D.C. refuses to register Dick Heller's gun and threatens prosecution for semi-auto owners
By Dean Rieck
In a brazen show of disrespect for the recent Supreme Court decision, the District of Columbia refused to register Dick Heller's gun when he showed up at police headquarters Thursday morning (July 17, 2008). From USA Today:
USA TODAY's Kevin Johnson reports that the District of Columbia refused this morning to register a handgun on behalf of the security guard whose legal challenge resulted in last month's landmark Supreme Court ruling on the Second Amendment.
Dick Heller was one of two applicants who were waiting at police headquarters when the doors opened to prospective gun owners at 7 a.m. ET. Officers wouldn't let him register a semi-automatic handgun because local laws still ban such weapons.
"The city still does not yet understand the decision of the Supreme Court," Heller says on the steps of police headquarters. "We have been denied again," he adds.
Dane von Breichenruchardt, president of the Bill of Rights Foundation, said the city was attempting to make gun ownership as "difficult and restrictive as possible."
But that's not the half of it.
Even if you can register a gun, new laws quickly passed by the city after the Supreme Court ruling maintain strict storage requirements. Guns must be kept at home, unloaded, and either fitted with a trigger lock or disassembled. Guns can be loaded only AFTER the owner perceives imminent danger from an attacker who is IN THE HOME.
Plus, the city maintains its semi-auto ban by including them in their ban on machine guns. Yes, you read that right. If a gun is loaded from the bottom with a magazine, it is, according to D.C., a machine gun and therefore illegal. Which means Dick Heller cannot register his Colt .45.
Of course you CAN register revolvers, rifles, and shotguns. But the process is incredibly difficult. From The Washington Post:
To begin the registration process, the applicant must bring his or her revolver, unloaded and in a container, to the firearms registration office at police headquarters, 300 Indiana Ave. NW. The applicant must also bring two passport-sized photos, proof of D.C. residency, and a valid D.C. driver's license or a letter from a physician attesting that the applicant's vision is at least as good as that required for the license.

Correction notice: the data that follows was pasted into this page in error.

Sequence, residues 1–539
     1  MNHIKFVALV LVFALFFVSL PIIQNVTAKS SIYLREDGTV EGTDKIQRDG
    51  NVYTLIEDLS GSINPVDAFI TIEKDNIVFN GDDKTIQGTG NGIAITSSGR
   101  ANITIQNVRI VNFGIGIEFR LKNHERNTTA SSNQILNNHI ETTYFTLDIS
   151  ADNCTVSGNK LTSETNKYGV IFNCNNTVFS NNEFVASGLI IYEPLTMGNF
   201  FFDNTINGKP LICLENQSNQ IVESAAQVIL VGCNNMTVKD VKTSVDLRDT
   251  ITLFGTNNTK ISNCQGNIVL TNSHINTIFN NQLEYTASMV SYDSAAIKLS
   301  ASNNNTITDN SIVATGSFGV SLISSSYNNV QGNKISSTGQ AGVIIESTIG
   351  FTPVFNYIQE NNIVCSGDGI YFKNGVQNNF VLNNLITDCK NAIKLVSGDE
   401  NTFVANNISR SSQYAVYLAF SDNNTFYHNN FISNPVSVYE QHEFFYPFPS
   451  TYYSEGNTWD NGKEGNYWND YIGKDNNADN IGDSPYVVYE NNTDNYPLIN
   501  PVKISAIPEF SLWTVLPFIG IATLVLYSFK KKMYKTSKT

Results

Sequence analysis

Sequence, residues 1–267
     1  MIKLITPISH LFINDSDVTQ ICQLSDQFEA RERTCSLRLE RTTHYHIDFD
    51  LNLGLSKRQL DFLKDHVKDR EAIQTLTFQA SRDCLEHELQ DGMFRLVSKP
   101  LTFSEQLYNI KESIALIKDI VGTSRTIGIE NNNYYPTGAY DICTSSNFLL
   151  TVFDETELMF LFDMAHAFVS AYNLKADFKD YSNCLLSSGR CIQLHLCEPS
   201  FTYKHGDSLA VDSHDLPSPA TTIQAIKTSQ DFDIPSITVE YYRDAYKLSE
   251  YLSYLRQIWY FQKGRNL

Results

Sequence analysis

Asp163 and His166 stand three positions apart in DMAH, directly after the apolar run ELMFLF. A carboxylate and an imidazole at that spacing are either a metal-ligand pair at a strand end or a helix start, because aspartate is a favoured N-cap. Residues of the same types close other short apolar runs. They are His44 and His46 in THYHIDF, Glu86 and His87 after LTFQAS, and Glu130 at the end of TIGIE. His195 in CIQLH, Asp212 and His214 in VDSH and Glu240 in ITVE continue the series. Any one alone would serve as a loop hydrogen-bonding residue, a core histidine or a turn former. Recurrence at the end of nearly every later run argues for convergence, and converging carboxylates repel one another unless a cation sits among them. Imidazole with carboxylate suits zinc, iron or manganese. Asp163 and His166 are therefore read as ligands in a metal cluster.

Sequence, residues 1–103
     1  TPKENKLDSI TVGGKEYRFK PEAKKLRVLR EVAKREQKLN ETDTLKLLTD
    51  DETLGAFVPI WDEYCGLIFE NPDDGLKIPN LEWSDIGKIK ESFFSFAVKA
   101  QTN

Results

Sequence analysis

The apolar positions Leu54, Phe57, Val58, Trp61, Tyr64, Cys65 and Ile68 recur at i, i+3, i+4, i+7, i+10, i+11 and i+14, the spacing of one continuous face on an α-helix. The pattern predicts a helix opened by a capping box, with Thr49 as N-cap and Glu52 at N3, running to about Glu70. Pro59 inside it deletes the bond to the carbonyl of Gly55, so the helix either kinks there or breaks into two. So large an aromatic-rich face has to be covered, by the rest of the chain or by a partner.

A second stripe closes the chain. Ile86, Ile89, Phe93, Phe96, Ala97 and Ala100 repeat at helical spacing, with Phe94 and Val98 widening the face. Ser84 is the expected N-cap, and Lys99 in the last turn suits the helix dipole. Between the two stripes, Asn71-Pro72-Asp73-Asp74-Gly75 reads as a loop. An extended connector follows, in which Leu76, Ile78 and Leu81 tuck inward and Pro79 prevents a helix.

An applicant must fill out registration forms, submit fingerprints and pass a written firearm-proficiency test, while police ballistics experts test-fire the revolver. The revolver will then be returned to the owner, but he or she cannot legally use the weapon, even for self-defense, until notified that the registration has been approved.
Before approving a registration, police will conduct a background check of the applicant. There are several disqualifying factors, including a felony conviction or a history of mental illness. Ballistics examiners will compare the test-fired bullets to bullets from unsolved shootings to determine if a revolver was used in a crime.
It is unclear how long it normally will take for police to approve a registration application.
The article goes on to say that "...if anyone shows up to register a semi-automatic pistol that fits the city's definition of a machine gun, police will confiscate the illegal gun..." and "...reserve the right to investigate and eventually charge such an owner with violating the machine-gun ban."
So if Dick Heller shows up with this Colt .45, the police will seize the gun and possibly charge him with possession of a "machine gun."
By turning away Heller, by retaining most of its former gun restrictions, and by creating a registration process that is purposely designed to discourage registrations, D.C. has thumbed its nose at the Supreme Court and its citizens.
D.C. residents will only get their rights back when the district is forced to do so through lawsuits and legislative action.